5 Ways unstructured data can improve your bottom line

When clutter starts to accumulate in your home, it’s a nuisance. Within your data center? It’s a safety hazard. For many organizations, factors like company growth and a lack of comprehensive data governance policies cause unstructured data – information that is human-generated, difficult to automate and not easily processed by machines – to flourish. Not only can this information obscure security risks posed by sensitive data that goes unrecognized within a system, it can hold IT teams back from tapping into the power and value of unstructured data insights.

Whether your IT system needs a quick spring cleaning session or a full data hoarding intervention, a few practices can help keep your unstructured data in check and help your team overcome limitations. In either case, context is key. Below are five ways to use context to unlock the value of unstructured data:

  • Tracking: Consider where the data came from. How recent is it – and do you have a reliable way to learn its history? In many cases, some data belongs to people who are no longer at the company. Imagine what that costs to maintain. Hint: We’ve seen terabytes full of Lego movies. (Assume a terabyte of data costs about $10,000 per year, all things considered, to “manage and protect.”)
  • Inspection: Does the piece of data include metadata, such as previous customer interactions, links to structured data or sensitive elements (like credit card numbers)?
  • Accessibility: Often, unstructured data is text-based – and its value hinges on users physically accessing and applying it. Do users within your organization function as curators, going through data stores to uncover strategic insights and increase the company’s performance, or are they too unprepared to even get started?
  • Visualization: IT teams can use visualization tools to gain new perspectives about their data. By identifying patterns in unstructured data sets and drilling into specific pathways for more details, they can transform unstructured information into assets that increase the company’s bottom line. For example, researchers working in common areas of discovery might not know that other people have content that may shorten their time to discovery by months if they had better collaboration tools. Just searching for data can take days of productivity away from a research team.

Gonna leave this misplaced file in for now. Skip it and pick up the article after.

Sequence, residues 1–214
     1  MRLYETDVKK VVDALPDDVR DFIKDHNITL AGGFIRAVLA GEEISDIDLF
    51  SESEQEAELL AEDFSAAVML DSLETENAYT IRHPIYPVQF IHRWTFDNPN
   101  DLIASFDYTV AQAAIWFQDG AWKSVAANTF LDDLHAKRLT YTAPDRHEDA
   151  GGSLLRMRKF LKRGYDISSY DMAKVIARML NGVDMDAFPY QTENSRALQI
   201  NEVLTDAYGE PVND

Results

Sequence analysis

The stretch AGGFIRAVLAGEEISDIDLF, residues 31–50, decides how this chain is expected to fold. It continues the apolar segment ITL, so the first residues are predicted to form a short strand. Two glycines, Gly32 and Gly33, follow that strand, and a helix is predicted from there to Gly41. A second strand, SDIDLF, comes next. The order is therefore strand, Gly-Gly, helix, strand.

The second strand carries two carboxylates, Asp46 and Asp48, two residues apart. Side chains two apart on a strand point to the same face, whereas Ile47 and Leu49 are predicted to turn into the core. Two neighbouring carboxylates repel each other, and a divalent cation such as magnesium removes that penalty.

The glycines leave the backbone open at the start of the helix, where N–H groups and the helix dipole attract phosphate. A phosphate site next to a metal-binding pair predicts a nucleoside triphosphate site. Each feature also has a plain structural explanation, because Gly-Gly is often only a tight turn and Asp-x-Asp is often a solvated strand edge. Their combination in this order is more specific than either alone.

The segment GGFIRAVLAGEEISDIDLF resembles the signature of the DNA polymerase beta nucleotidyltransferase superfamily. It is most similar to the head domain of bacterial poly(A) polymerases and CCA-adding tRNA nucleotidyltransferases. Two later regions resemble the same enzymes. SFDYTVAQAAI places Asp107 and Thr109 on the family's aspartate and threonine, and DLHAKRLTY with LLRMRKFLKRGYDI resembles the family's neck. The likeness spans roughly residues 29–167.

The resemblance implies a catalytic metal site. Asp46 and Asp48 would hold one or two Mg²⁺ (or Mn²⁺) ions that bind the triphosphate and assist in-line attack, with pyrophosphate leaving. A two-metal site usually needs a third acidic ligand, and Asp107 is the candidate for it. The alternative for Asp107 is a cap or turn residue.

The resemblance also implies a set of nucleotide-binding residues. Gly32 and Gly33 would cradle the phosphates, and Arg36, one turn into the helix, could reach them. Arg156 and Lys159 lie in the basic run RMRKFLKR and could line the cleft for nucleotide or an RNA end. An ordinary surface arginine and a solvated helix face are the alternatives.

• Consolidation: When working with structured or unstructured data, consolidation is one of the most reliable practices to help improve data management. However, most IT environments encompass cloud platforms, shadow IT organizations and many other locations where data can reside. It’s imperative to build a governance plan that helps consolidate the organization’s most sensitive data in a location where retention and deletion policies can apply. Virtualization is guilty of aiding and abetting this situation. As data mobility increases in velocity, the probability that sensitive data is leaking into public domains increases too. Data curators need to know what’s moving, where it’s going and who owns it. It’s irresponsible to say, “I didn’t know.” Ignorance is not considered compliance.

Learn more about using unstructured data to improve efficiency and uncover insights.

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John Joseph

John Joseph

President and co-founder of DataGravity, John Joseph leads company’s sales, marketing, operations and customer initiatives. John previously served as vice president of marketing and product management at EqualLogic, leading these functions from the company's initial launch through the successful acquisition by Dell in 2008. He subsequently served as vice president of enterprise solutions, marketing at Dell for three years after the acquisition.